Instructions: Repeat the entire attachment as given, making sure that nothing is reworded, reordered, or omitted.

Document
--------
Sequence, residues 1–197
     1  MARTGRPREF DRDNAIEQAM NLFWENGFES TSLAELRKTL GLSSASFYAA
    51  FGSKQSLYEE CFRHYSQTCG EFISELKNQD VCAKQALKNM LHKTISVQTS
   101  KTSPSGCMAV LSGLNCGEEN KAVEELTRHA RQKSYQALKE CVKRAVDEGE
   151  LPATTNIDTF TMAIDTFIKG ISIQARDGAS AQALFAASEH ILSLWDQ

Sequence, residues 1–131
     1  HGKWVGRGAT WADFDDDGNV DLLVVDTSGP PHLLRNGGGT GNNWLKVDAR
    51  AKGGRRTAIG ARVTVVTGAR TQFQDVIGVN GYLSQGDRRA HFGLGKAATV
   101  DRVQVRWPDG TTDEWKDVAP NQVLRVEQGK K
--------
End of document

Sequence, residues 1–197
     1  MARTGRPREF DRDNAIEQAM NLFWENGFES TSLAELRKTL GLSSASFYAA
    51  FGSKQSLYEE CFRHYSQTCG EFISELKNQD VCAKQALKNM LHKTISVQTS
   101  KTSPSGCMAV LSGLNCGEEN KAVEELTRHA RQKSYQALKE CVKRAVDEGE
   151  LPATTNIDTF TMAIDTFIKG ISIQARDGAS AQALFAASEH ILSLWDQ

Sequence, residues 1–131
     1  HGKWVGRGAT WADFDDDGNV DLLVVDTSGP PHLLRNGGGT GNNWLKVDAR
    51  AKGGRRTAIG ARVTVVTGAR TQFQDVIGVN GYLSQGDRRA HFGLGKAATV
   101  DRVQVRWPDG TTDEWKDVAP NQVLRVEQGK K